Thursday we headed downtown to visit Sutter’s Fort State Park, E’s choice. Unlike the California Missions, Sutter’s Fort was established entirely as a business venture. It was John Sutter, an entrepreneurial Swiss immigrant, who wanted to fire up the water-driven sawmills to provide wood for Western states and Hawaii. When he sent James Marshall into the foothills to find a suitable location for the mill he had no idea his effort would ultimately lead to California’s Gold Rush, and the demise of Sutter's fort. While researching one designated location, Marshall turned up a gold metal which Sutter tested and determined was gold. (This weekend we’ll head to Marshall Gold Discovery State Historic Park to see the other half of the story.)

Sutter’s Fork park had great potential for visitors. We were particularly excited as we shelled over our entrance fee to be told that we were there on an “exhibition day” and there were lots of activity stations set up throughout the fort. There was a blacksmith’s station, basket weavers in action, laundry station, weavers and bakers, carpenters and more. There were kids in costume taking part throughout. The bummer came when our girls tried to take part. They were shooed away. It seems a school had paid extra to take part, and visitors really weren’t welcome to lend a hand. “You just have to watch,” one teacher told them. Pretty much took the wind out of all of our sails. We checked out a few of the static displays in some of the fort’s rooms, then called it a day.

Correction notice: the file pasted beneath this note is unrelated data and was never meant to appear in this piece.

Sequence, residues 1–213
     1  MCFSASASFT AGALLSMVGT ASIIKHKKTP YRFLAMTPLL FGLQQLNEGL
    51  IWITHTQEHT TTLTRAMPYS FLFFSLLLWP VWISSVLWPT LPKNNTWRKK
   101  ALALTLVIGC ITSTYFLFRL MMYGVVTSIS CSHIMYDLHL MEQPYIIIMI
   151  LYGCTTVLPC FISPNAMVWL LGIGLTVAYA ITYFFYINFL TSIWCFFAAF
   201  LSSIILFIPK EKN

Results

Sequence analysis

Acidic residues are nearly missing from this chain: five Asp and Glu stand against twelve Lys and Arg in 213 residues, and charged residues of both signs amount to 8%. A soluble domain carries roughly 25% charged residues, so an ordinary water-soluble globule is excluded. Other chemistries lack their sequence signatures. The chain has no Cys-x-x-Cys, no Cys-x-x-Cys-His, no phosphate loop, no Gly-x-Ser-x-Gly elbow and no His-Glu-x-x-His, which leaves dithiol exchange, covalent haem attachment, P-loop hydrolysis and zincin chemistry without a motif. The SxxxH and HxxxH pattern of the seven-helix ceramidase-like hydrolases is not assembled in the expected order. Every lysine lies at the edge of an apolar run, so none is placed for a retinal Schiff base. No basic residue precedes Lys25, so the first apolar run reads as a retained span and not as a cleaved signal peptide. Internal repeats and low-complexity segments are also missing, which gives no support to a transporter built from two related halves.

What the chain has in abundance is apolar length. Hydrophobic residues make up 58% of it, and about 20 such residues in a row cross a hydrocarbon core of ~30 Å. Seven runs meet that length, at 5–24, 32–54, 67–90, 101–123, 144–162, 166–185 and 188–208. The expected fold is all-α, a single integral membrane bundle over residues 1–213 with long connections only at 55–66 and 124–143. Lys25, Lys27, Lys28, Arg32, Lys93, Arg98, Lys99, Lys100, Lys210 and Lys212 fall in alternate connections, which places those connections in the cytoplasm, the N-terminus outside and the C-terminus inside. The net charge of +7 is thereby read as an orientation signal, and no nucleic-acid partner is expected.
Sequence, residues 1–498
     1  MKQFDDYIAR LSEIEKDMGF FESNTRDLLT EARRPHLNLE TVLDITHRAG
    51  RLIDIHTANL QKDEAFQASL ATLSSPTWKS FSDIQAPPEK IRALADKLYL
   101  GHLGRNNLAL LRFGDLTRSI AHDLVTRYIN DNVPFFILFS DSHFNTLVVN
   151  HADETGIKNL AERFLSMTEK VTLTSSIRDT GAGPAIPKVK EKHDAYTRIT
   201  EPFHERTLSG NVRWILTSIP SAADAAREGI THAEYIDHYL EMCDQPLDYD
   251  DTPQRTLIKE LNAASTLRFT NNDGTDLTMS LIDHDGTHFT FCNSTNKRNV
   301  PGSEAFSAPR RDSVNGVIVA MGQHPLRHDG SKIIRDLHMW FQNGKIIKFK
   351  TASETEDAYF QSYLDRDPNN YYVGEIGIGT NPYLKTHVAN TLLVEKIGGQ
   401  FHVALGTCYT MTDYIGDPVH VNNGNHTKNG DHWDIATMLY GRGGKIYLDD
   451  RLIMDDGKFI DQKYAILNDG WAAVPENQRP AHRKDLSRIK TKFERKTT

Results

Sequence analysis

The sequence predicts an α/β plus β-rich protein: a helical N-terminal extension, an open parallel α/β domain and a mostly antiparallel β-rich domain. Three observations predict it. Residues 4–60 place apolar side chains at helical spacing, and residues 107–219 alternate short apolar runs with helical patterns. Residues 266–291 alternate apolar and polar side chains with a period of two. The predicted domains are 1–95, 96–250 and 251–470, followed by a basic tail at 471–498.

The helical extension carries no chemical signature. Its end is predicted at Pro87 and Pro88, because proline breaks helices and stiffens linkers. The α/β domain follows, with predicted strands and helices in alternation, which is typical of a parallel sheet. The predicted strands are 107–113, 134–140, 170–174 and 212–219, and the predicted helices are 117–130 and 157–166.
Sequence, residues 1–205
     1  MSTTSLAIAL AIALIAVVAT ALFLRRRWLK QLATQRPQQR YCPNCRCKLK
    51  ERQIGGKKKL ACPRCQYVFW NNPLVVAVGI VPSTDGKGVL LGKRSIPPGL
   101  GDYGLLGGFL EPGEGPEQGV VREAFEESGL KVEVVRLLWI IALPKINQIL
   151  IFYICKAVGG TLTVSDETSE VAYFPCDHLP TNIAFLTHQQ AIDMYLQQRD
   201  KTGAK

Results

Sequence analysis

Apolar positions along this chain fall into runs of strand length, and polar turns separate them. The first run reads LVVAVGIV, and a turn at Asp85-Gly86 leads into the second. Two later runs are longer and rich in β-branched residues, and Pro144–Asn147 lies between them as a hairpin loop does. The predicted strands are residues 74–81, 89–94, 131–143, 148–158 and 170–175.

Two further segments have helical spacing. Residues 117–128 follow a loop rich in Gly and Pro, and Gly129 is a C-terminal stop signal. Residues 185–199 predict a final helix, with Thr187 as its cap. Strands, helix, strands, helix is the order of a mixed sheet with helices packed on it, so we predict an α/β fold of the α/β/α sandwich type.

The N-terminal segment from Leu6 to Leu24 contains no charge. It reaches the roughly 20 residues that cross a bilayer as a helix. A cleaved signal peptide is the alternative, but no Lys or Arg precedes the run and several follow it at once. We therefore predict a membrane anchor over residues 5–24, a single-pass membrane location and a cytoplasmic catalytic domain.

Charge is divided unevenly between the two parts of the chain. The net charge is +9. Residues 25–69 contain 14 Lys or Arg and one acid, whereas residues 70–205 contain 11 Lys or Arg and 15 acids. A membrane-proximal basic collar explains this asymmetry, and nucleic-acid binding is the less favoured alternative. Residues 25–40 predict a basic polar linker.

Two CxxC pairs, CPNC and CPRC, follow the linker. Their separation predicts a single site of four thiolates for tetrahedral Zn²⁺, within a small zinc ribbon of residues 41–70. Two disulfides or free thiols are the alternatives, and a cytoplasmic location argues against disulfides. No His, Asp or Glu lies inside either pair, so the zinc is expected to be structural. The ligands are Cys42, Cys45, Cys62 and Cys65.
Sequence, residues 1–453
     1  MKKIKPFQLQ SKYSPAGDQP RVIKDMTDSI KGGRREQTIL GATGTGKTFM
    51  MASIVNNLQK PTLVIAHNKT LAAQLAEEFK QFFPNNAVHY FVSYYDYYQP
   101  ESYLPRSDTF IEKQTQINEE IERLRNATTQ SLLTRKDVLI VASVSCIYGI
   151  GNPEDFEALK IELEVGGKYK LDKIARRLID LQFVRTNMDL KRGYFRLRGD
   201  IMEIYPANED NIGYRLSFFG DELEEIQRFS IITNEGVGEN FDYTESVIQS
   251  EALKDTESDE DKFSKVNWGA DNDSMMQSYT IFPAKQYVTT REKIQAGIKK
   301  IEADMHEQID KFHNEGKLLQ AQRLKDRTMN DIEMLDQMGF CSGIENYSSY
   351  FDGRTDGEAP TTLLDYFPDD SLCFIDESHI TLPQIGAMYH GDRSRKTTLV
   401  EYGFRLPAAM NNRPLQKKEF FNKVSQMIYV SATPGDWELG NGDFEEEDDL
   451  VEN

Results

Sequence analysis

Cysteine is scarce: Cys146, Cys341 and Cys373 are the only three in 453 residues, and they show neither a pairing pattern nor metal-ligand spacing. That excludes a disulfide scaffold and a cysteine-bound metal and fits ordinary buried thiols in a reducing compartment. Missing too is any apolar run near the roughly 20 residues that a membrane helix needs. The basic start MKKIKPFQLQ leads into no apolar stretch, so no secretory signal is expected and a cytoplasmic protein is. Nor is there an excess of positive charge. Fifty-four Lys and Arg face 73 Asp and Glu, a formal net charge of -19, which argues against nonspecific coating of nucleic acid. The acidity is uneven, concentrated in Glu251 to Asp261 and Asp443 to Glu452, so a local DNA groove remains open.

From there, we headed to Safetyville, a public education facility designed to teach kids about safety. Visitors walk through the miniature city, complete with crosswalks, traffic signals and a variety of life-like obstacles and structures, learning about traffic, bicycle and pedestrian safety. There are other talking points at various stations as well. The “animal control office,” for instance, includes a video about animal safety – how to react to strays encountered in public places, etc. It was very cold during our visit, so once our toes and fingers were nearly numbed and we’d completed the tour, we turned in our maps and headed back to the Jacuzzi for some thawing before dinner in Old Town (oddly dark in this shopping season – but we enjoyed a scrumptious dinner at seasonally decorated, welcoming Fat City).

Today, the girls and I drove west to visit Auntie B in Vacaville. We played with her overgrown puppy and visited for awhile before heading a few miles further west to Fairfield where we enjoyed a tour of the Jelly Belly factory. The tour through the confectionery and packaging plant was fun, and the girls particularly enjoyed the free samples throughout, including a whole bag of beans to take home with them.

There’s a lot to do in the Sacramento area, and we did quite a bit of it during our last visit here some three years ago. Next time, we’re bringing our bikes. The uninterrupted path along the river is too wonderful to ignore. We have another week in the area, and more family and friends to visit in the next several days. We'll share whatever we come across in out travels.

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1 comment:

  1. Fun! The room with a loft sounds unique for a stay like that. Hope your next week goes as well as this one has.